Many a false move in history has been blamed on a person’s inability to know who his or her friends really were. Most of us can point to times in our personal history when a person whom we thought to be a friend stabbed us in the back, and a person whom we may have thought only an acquaintance or whom we hesitated to let get to close to us for some reason, really came through for us in the way a friend should (and maybe in a way other “friends” failed to). Knowing who is and who isn’t really your friend has always been tricky business. Especially because we often deceive ourselves in this regard. Some people might be quite surprised that you consider them a friend!
These days, with the advent of social networking, knowing who your friends are hasn’t gotten any easier. Indeed, thanks to Facebook, the whole meaning of “friend” has been called into question. Honestly, how many of your Facebook friends are really your friends in the more proper, intimate sense of the word? Because of the public nature of the work that I do, for example, many of those who ask to be my Facebook friends are people whom I do not know, but are rather people who are interested in knowing more about me because of the work that I do in ministry, or because they have read my writing. So many of my Facebook “friends” are not so much friends as “contacts.”
Yet, “contacts” is the designation of those whom I have especially identified on my cell phone as people whom I frequently call or text, or people who frequently call or text me. And, ironically, I realize that those who make up my much smaller “contact” list are actually more likely to be intimate friends than most of the people who inhabit my “friends” list on Facebook. Technology has managed to blur the line between those who are our friends, and those who are merely “contacts.” Then, of course, there are those who are our Twitter “followers.” But I’ll hold off on my reflection about that for another time.
This has got me thinking that, as strange as it might sound, that a good way to reflect on the presence of friends in our lives and, by extension, the presence of God in our lives, is by mining our cell phone “contact” list. There’s a story, indeed a history, of interaction with those people on your contact list that is not necessarily found with people on your friends list. So, if we want to take some time to reflect on the gift of friendship (and family, of course) in our lives, we might well do so by scrolling through our phone’s contact list, and asking questions such as: Why is that person on my contact list? What is the story of my interaction with this person? In my case, those on my list are family, close friends, work colleagues and fellow Jesuits, among others. They are people who I’ve had more extended and meaningful contact with than simply accepting their friend request (another act the profundity of which has become distorted, unfortunately). They are people I spend time with, they are people with whom I’ve worked in ministry to others, they are people I’ve known for much of my life, or are people whom I’ve known only a short time but whom I feel like I’ve known all my life because of the depth of what we have shared with each other during that time. My history with them, for the most part, is more intimate than the description “contacts” suggests.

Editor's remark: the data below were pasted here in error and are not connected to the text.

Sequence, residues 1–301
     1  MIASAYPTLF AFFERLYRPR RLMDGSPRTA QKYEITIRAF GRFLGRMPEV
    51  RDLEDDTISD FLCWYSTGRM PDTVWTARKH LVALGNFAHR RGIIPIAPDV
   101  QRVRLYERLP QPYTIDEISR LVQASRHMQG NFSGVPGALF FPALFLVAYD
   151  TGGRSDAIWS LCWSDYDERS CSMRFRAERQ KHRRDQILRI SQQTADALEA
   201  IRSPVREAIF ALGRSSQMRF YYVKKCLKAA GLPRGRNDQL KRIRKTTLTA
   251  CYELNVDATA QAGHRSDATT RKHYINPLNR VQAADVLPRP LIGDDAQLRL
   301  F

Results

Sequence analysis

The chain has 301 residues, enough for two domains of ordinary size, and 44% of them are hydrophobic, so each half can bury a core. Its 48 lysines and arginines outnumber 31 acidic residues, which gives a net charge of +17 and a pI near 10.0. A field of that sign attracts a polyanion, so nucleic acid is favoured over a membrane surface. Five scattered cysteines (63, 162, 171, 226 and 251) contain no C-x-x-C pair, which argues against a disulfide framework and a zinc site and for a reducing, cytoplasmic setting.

If I delve deeper into my phone I find an even smaller list, which tells a more detailed story. It is the list of those in my text message history. I don’t text just anyone. Indeed, being a relative late-comer to the texting game, the effort it takes for me to text (I don’t have the agility of my younger counterparts) someone isn’t expended on just anybody. It’s reserved for friends, family and colleagues with whom I have a close relationship. These are the people with whom I’m more likely to share the unexpected joys and tragedies of my life, and with whom I’m more likely to trade requests for prayers with. In my text-messaging companions, I find another level of intimacy. I can get a lot of consolation, and be reminded of my need to pray for the needs of my family and friends by reviewing my history of text messages with the people who inhabit this more exclusive portion of my cell phone, and my life.
The phone of course, is only a place to start. It is a spark to memory of what that person means to you, the experiences you have shared together, and what you hope lies in your future with them. It is also an invitation to move beyond the technological and virtual world, to call them and make plans to be together, to continue your life with them in person as more than just contacts, but as friends. Our computers and phones might serve to help us to discover who our intimates are, but deep friendships are built in the moments we spend in each others’ presence, even if sometimes spent more in silliness than seriousness. Friendships are built on both. Indeed, our willingness to be silly and even stupid with someone else is a sign of intimacy, it means that I’m comfortable being myself with that person, because our history together, both “virtual” and personal, has shown me my friend.